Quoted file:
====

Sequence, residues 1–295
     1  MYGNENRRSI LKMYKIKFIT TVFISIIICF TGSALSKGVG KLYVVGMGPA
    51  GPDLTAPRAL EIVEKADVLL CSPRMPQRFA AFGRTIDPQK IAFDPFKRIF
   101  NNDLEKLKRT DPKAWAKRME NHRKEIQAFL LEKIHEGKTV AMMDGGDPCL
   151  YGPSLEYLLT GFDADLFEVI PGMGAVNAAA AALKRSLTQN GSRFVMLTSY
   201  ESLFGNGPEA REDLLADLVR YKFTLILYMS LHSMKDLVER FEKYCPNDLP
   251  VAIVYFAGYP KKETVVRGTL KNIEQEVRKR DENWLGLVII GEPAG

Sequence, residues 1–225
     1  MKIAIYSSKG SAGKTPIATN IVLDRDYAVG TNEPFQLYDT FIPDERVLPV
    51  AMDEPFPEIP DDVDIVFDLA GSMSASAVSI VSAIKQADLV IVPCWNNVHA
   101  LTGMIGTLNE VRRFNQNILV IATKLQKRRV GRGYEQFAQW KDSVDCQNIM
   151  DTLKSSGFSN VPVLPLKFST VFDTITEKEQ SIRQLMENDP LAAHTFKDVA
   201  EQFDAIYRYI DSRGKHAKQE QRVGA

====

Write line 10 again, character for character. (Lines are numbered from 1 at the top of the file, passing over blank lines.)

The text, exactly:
    51  AMDEPFPEIP DDVDIVFDLA GSMSASAVSI VSAIKQADLV IVPCWNNVHA